''Hit it great tee to green,'' Fitzpatrick said. ''I think I had like seven or eight chances inside 15 feet, and on a day like today when it's so windy and such a tough golf course, with how tight it is, yeah, it was a good day.''

Justin Rose, who won the title in 2015, shot was 2 under with five birdies and three bogeys.

''I think the course played a couple shots harder than it typically does,'' Rose said. ''I like this course. I think it offers plenty of birdie opportunities.''

Masters champion Sergio GarciaRafa Cabrera Bello and defending champion Sam Brazel (69) were in a group of 16 at 1 under.

Day, Spieth chasing Davis after Day 1 of Aussie Open

By Jason CrookNovember 23, 2017, 6:50 am

The PGA Tour is off this week but a couple of the circuit’s biggest stars – Jordan Spieth and Jason Day – are headlining the Emirates Australian Open, the first event in The Open Qualifying Series for the 2018 Open at Carnoustie. Here's how things look after the opening round, where Cameron Davis has opened up a two-shot lead:

Leaderboard: Davis (-8), Taylor MacDonald (-6), Nick Cullen (-5), Day (-5), Brian Campbell (-4), Lucas Herbert (-4), Stephen Leaney (-4), Anthony Quayle (-4)

What it means: Spieth has won this event three of the last four years, including last year, but he got off to a rocky start on Thursday. Playing in the windy afternoon wave, the world No. 2 bogeyed his first two holes but rebounded with birdies on Nos. 4 and 5. It was more of the same the rest of the way as the 24-year-old carded three more bogeys and four birdies, getting into the clubhouse with a 1-under 70. While it certainly wasn't the start he was hoping for, Spieth didn't shoot himself out of the tournament with 54 holes left to play, he has plenty of time to claw his way up the leaderboard.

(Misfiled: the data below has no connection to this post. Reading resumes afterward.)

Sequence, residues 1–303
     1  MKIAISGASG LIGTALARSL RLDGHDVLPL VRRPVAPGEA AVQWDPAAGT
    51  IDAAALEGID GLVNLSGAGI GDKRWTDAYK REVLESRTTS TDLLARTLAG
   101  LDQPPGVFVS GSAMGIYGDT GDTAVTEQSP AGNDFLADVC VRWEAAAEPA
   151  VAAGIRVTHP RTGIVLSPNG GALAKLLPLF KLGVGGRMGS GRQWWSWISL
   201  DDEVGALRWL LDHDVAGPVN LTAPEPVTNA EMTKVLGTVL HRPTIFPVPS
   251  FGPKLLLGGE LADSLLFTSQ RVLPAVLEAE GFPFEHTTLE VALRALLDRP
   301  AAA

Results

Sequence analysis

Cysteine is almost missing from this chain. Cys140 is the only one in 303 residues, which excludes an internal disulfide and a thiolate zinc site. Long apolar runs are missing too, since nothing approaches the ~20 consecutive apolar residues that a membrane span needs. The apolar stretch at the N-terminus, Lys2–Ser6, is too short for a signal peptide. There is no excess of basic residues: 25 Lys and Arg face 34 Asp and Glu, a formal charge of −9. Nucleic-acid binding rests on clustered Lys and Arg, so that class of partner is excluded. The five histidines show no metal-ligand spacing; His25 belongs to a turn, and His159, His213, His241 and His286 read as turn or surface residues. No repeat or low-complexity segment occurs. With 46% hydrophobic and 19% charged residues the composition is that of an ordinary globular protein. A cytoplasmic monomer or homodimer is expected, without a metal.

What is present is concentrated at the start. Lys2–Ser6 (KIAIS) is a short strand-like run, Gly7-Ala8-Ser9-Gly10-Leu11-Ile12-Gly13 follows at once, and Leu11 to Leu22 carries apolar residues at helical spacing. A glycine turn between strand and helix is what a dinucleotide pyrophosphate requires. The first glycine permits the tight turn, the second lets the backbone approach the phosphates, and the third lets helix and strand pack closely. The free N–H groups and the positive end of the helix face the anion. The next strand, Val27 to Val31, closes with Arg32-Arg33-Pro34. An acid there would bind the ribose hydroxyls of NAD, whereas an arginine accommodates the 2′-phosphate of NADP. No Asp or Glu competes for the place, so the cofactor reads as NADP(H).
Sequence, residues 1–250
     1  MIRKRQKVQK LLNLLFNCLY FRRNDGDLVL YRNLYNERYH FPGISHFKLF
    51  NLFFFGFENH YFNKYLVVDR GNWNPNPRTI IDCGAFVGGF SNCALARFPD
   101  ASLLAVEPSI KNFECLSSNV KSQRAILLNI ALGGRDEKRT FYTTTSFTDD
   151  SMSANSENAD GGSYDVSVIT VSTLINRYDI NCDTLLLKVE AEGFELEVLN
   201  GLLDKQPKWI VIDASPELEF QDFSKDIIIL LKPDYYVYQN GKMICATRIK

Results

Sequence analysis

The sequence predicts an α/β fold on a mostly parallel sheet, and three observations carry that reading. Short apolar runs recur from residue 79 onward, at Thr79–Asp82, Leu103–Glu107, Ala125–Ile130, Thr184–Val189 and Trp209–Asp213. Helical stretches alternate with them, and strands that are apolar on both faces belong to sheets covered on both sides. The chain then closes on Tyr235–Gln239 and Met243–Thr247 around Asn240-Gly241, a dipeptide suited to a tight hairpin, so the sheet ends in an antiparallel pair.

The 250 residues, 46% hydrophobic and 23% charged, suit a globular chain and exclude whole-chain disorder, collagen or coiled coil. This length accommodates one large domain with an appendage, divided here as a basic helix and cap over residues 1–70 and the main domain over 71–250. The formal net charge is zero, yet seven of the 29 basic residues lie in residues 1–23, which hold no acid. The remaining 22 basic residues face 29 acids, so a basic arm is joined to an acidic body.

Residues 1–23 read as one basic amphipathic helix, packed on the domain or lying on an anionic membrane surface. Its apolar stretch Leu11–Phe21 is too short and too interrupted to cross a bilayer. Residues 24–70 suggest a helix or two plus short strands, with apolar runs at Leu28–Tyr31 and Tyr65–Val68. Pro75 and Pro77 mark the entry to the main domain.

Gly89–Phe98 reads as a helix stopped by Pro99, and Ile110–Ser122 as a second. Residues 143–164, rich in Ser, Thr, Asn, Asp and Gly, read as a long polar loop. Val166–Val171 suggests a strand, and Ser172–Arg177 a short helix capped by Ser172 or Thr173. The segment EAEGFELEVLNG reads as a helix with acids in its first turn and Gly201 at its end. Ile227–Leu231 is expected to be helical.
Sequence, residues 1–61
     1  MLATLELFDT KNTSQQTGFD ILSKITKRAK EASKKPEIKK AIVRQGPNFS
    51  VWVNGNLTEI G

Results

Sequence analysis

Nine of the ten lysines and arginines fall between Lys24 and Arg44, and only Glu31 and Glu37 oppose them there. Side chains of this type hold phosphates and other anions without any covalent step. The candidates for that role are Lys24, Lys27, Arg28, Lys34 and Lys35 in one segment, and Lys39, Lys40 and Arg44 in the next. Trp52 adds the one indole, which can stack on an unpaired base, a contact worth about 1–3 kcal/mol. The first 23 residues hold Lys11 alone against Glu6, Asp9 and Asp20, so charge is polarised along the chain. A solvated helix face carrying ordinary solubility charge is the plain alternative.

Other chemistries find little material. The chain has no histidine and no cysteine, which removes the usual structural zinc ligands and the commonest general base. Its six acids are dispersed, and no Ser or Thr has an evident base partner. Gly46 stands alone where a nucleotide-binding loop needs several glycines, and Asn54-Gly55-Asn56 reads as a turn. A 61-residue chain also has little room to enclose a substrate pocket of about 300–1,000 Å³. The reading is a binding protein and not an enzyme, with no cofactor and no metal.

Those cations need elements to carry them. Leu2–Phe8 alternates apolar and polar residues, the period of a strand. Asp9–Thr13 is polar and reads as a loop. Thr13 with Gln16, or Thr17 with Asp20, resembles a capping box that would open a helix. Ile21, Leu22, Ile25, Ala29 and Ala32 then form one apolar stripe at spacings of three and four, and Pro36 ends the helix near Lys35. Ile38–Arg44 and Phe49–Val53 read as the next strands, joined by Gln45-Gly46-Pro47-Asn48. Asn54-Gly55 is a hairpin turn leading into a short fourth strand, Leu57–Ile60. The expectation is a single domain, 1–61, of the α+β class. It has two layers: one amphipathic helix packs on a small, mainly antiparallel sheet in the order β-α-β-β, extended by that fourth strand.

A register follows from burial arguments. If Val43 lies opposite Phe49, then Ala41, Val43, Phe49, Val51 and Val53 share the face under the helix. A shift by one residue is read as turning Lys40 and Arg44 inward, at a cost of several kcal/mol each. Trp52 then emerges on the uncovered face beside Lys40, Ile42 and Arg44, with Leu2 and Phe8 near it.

Full-field scores from the Emirates Australian Open

Round of the day: With Round 1 in the books, the solo leader, Davis, is the easy pick here. The 22-year-old Aussie who turned pro last year, came out of the gates on fire, birdieing six of his first seven holes, including four in a row on Nos. 4 through 7. He did drop a shot on the ninth hole to go out in 30 but rebounded with three more birdies on the back to card a 8-under 63. Davis, who was born in Sydney and played this year on the Mackenzie Tour in Canada. He will attempt to get his Tour card next month during qualifying in Arizona.

Best of the rest: Making his first start in his home country in four years, Day started on the 10th hole at The Australian Golf Club and made four birdies to one bogey on the back side before adding four more circles after making the turn. Unfortunately for the 30-year-old, he also added an ugly double-bogey 6 on the par-4 eighth hole and had to settle for a 5-under 66, good enough to sit T-3. Day, who has dropped to No. 12 in the world rankings, is looking for his first win on any tour since the 2016 Players Championship.

Main storyline heading into Friday: Can the upstart 22-year-old Davis hold off the star power chasing him or will he fold to the pressure of major champions in his rearview mirror? Day (afternoon) and Spieth (morning) are once again on opposite ends of the draw on Friday as they try to improve their position before the weekend.

Shot of the day: It’s tough to beat an ace in this category, and we had one of those on Thursday from Australian Brad Shilton. Shilton’s hole-in-one on the par-3, 188-yard 11th hole came with a special prize, a $16k watch.

Quote of the day: “Just two bad holes. Pretty much just two bad swings for the day,” – Day, after his 66 on Thursday.